Students with learning disabilities from Lifeworks College are doing their bit to make some of Dartington’s tiniest visitors feel more at home.
They are supporting the dormouse population on the estate by making nesting boxes – developing new skills and gaining independence in the process.
Lifeworks, which supports children and young people with learning disabilities, is one of over 140 business tenants on the Dartington estate that range from counsellors to illustrators, garden machinery sales to architects.
The estate encourages local groups, schools and training organisations to use the woodland for research and education, and to provide opportunities for the community to be involved in all aspects of the management of the woods through an Estate Environmental Conservation Group.
“The work the Lifeworks students are doing as part of the Dartington Woodland and Conservation programme will help protect one of Britain’s most endangered mammals, whose deciduous woodland and hedgerows habitat are being lost,” said Mike Newby, Dartington’s Amenity Warden, who is managing the project.
“Our woodlands and conservation team are also replanting dormice sites with hazel to give them food and cover from predators. The nesting boxes will provide shelter for these nocturnal animals and a place to rest in a deep sleep state during the day.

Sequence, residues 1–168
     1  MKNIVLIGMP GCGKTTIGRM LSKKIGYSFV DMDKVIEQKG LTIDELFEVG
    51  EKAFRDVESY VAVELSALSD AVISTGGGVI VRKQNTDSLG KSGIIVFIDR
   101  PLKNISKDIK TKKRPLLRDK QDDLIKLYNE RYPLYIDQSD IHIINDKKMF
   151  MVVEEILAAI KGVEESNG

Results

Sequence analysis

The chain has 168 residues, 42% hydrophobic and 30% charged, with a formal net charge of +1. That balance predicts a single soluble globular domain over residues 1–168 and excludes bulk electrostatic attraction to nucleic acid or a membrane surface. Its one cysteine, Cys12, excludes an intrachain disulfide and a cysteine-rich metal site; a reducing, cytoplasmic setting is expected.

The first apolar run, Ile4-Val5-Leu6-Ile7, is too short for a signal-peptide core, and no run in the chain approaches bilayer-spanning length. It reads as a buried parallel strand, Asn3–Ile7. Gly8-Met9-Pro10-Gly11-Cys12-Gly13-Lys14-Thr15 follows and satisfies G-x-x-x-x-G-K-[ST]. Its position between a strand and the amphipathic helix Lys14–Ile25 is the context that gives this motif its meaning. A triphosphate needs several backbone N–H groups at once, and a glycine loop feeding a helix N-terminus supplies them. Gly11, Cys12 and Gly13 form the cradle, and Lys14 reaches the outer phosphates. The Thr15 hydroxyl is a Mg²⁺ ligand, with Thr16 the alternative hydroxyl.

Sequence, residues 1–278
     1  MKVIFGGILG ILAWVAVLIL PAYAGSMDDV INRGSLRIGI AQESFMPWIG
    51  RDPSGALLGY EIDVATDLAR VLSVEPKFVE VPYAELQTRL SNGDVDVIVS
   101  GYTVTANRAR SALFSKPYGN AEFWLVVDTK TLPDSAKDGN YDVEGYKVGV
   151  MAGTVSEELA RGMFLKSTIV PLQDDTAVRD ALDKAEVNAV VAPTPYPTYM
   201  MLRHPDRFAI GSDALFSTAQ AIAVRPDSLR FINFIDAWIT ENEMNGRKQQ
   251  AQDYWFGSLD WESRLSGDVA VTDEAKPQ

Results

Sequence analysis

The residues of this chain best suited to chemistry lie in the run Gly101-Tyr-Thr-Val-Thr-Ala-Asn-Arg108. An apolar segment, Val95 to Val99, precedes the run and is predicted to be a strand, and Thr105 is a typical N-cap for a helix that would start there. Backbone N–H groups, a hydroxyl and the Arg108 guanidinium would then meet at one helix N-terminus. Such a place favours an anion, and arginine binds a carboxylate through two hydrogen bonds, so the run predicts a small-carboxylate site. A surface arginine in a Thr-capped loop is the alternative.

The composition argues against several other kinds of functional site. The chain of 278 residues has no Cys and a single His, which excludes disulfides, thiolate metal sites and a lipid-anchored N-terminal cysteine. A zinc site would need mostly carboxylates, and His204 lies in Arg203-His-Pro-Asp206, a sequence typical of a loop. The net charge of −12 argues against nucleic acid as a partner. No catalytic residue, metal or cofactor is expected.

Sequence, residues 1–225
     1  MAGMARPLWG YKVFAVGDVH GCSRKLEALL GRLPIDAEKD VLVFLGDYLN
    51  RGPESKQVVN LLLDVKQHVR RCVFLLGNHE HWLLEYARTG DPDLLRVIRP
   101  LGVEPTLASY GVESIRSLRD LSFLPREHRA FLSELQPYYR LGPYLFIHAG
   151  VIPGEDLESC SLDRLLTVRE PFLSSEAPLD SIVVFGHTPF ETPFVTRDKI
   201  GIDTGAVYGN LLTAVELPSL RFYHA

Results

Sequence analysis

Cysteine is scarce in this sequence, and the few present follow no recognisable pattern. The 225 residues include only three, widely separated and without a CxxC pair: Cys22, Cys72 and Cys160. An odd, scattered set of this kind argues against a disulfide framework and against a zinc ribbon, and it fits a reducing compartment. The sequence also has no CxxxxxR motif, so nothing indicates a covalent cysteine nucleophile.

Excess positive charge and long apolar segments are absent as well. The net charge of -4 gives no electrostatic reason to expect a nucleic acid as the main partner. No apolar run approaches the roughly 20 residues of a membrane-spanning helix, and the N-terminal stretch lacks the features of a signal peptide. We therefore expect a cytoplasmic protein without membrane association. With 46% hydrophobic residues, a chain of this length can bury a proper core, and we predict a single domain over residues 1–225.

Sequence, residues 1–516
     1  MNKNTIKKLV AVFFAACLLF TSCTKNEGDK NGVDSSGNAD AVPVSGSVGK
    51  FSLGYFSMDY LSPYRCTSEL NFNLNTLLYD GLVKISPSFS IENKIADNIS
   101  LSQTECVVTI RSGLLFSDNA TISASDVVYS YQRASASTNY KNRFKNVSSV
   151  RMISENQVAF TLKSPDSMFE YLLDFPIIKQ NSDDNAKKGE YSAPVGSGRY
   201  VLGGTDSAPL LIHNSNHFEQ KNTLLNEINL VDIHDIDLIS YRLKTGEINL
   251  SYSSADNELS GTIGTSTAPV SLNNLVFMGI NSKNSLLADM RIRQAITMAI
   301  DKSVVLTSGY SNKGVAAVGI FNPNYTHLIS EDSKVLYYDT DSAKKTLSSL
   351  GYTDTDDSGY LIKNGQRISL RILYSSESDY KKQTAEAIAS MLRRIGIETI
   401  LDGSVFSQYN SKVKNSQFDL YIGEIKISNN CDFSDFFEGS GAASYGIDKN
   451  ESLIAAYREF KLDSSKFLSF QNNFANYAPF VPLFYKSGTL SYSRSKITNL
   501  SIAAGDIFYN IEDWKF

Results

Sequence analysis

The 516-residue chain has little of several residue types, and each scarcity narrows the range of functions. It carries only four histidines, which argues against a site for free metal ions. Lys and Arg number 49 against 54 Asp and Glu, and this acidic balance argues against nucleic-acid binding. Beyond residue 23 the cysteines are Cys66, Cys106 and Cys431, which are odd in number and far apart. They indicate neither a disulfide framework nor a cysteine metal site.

“We’re also collecting data as part of the People’s Trust for Endangered Species survey, where volunteers report on numbers and distribution of threatened species across the UK.”
Lifeworks College trainees such as Sam Skinnard are learning to use carpentry tools including electric drills, and all are enjoying the experience. Volunteer Emma Wilson commented: “It’s really fun sawing, drilling and filing the wood down”.
A Lifeworks College teacher said: “It is great news that The Dartington Hall Trust are giving our students the opportunity to participate in such an important project.
“Our students work towards greater independence and building-up their work skills. This project is enabling our students to gain valuable practical woodworking skills as well as encouraging them to work together and gain volunteering hours towards their DofE Bronze Awards.”
All the students are volunteering their time at Dartington as part of their Duke of Edinburgh Award. Dartington’s Volunteer Manager said: “The students are a fantastic group of young people to have around – really enthusiastic”.